Posts Tagged ‘Gospel of Matthew’

The New York Times has a moving story about one pastor’s efforts to gather the stories of those who lived through lynching in the 20th century.

The Rev. Angela Sims visits people one at a time, and with care encourages and coaxes them to share their stories for the sake of history — and healing. She tells the Times:

I’m listening for what salvation and redemption might look like. I’m listening for how grace might play out and for notions of forgiveness.

I think about some of the individuals I’ve met and the way they’ve talked about having to get rid of racial hatred — to be in relationship with God, to not hate themselves. I’m looking for a way to articulate this ethic of resilience.

The story leaves one with the sense that Sims is still working out what she means by an ethic of resilience. At this point, the Times story better conveys what such an ethic looks like in the stories of survivors. At its core, Sims’ work wades into the mystery of evil’s presence in the world, juxtaposed against God’s goodness. As the Times story notes:

For Ms. Sims, such interviews went beyond racial issues to ontological ones. “The question of where God was in the midst of this evil,” she said, “is held in tension with the way God acted. They name the evil, but they recognize something beyond it.”

In trying to form a “theology of resilience,” Ms. Sims has combined the firsthand testimonies with Biblical teachings, particularly the Book of Micah with its cry for moral justice and the Gospel of Matthew with its mandate for disciples to travel the land. She has also been inspired by the essays of Alice Walker and a lecture by James H. Cone, the leading exponent of black liberation theology, about the lynching tree being the crucifix of African-American Christianity.

In helping others to bear witness, Sims is charging all our memories so that we might do more than leave the past behind. Instead, we must let the past shape how we all listen to others in the present and consider with humility how God might want us to live better in the future — for the sake of justice, for the sake of peace, and for the sake of reconciliation.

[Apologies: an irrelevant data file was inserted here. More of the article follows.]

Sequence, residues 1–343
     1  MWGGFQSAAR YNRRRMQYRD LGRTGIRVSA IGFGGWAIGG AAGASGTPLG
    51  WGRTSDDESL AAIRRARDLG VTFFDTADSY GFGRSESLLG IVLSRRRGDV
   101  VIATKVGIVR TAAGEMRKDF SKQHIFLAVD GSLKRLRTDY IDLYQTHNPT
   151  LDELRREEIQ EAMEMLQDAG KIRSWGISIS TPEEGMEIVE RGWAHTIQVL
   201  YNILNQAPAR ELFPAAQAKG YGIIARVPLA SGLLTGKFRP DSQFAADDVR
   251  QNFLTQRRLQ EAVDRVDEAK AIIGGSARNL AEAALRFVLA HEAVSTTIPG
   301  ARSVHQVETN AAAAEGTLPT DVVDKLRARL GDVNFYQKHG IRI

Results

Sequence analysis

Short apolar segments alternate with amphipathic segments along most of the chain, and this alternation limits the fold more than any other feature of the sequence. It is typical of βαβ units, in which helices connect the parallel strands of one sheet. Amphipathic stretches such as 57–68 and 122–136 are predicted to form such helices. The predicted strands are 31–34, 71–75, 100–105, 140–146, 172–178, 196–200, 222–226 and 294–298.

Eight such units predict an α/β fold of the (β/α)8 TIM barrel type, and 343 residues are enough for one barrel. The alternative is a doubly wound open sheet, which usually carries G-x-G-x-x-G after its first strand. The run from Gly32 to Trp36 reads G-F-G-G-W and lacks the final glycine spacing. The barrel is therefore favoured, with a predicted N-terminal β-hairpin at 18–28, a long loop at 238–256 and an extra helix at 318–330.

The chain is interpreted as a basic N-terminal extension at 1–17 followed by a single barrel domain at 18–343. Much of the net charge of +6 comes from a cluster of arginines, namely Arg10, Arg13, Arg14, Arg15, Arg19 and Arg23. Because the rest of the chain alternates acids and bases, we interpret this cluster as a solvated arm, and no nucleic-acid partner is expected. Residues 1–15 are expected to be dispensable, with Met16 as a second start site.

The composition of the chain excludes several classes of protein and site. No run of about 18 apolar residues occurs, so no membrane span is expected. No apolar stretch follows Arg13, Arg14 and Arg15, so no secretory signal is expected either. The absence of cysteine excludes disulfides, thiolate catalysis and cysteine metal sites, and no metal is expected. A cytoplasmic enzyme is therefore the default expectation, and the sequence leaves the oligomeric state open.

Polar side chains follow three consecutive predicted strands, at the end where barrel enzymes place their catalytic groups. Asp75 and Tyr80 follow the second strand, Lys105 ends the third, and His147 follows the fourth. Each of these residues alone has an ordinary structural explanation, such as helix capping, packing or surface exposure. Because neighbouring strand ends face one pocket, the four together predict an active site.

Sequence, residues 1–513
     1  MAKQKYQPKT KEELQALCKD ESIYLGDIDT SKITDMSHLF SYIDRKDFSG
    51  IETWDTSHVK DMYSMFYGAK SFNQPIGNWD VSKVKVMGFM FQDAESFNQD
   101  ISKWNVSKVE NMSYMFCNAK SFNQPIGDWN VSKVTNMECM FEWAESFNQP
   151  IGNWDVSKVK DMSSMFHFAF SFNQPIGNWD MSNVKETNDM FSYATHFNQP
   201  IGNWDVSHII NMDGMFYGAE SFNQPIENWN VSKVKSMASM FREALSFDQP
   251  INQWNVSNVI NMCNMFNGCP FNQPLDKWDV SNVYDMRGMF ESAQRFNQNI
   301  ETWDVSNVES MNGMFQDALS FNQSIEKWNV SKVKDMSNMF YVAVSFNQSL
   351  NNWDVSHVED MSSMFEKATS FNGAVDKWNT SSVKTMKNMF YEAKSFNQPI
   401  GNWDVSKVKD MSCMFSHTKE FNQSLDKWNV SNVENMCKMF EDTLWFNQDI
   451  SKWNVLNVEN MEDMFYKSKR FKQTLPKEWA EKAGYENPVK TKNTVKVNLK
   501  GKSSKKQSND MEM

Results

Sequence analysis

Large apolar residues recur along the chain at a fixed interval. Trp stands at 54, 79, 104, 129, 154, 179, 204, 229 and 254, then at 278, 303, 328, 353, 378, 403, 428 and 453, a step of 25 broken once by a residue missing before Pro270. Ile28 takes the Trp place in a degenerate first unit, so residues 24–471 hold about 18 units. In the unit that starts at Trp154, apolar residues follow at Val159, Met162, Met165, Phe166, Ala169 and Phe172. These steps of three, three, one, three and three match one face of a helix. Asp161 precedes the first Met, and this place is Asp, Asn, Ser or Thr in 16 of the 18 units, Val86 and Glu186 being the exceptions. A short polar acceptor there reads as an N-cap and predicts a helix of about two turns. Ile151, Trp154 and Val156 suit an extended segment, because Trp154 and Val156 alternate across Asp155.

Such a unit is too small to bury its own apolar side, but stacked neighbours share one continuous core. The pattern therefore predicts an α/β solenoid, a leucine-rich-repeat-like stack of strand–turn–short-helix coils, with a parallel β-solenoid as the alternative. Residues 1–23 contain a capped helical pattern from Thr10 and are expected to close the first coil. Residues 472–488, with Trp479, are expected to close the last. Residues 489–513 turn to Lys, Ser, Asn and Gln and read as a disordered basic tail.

As for Sims, though it is taxing to hear such stories, she is undaunted:

There is no rest for a weary soul when you’re doing the work you were called to do.

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That’s the Word of advice that Stephen Colbert offers to help President Obama dispel the rumors that he is Muslim. The quote is Colbert’s (very) fanciful “take” on Matthew 5:47 (i.e., he made it up), but when I watch the clip I can’t shake the sense that Colbert was informed more by Matthew 6:5-14.

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The ongoing fracas over Shirley Sherrod, filled to the brim with rage and resentment, points me back to a package of articles on “The Rage Culture” published this past week in The Chronicle Review. Most interesting is an essay by historian Elaine Tyler May, who traces the anger of today back to the attitudes and ideologies that emerged from the Cold War era.

I can’t do justice to her full arguments here, but even if you find her words to be provocative her conclusions are good food for thought:

The principles of individualism, unfettered capitalism, the sanctity of the home, and the suspicion of outsiders that gained salience in the early cold war era has far outlived the conflict itself. …

Fear has made Americans feel less secure. And the fear that breeds anger, hostility to government, and lack of concern for the common good may have made the nation considerably less secure. While Americans were distracted by street crime that harms relatively few people, unregulated private enterprise fleeced the entire country. Locks on the doors did not protect families against losing their home through mortgage foreclosure. Guns in their pockets did not prevent them from losing their shirts to Wall Street.

And what about democracy? Democracy depends on citizens accepting their differences and trusting each other, at least to the extent that they understand themselves as belonging to a civic sphere as well as a private sphere. It requires investing in the common good, and holding the government accountable as the institution that represents, and acts on behalf of, the citizenry.

If, in the name of security, Americans distrust one another and the government, and value private protection at the expense of public good, then the basic social  and political practices that ensure a healthy democracy cannot survive.

If May is correct, where is the Christian voice to be found amid this cacophony of distress? To what degree are believers fueling this age of rage, and to what degree do they step back and offer a prophetic voice of reconciliation? Where are the peacemakers who reject the templates of anger and conquest that shape the public sphere? And, in the small moments of my daily life, how can I offer one small witness that our life need not look like this?

Although I tend to refrain from Bible quoting, the words of Jesus from the Sermon on the Mount, offered here through the lens of Eugene Peterson’s “The Message,” stand as challenge to believers today — including me:

You’re blessed when you can show people how to cooperate instead of compete or fight. That’s when you discover who you really are, and your place in God’s family.

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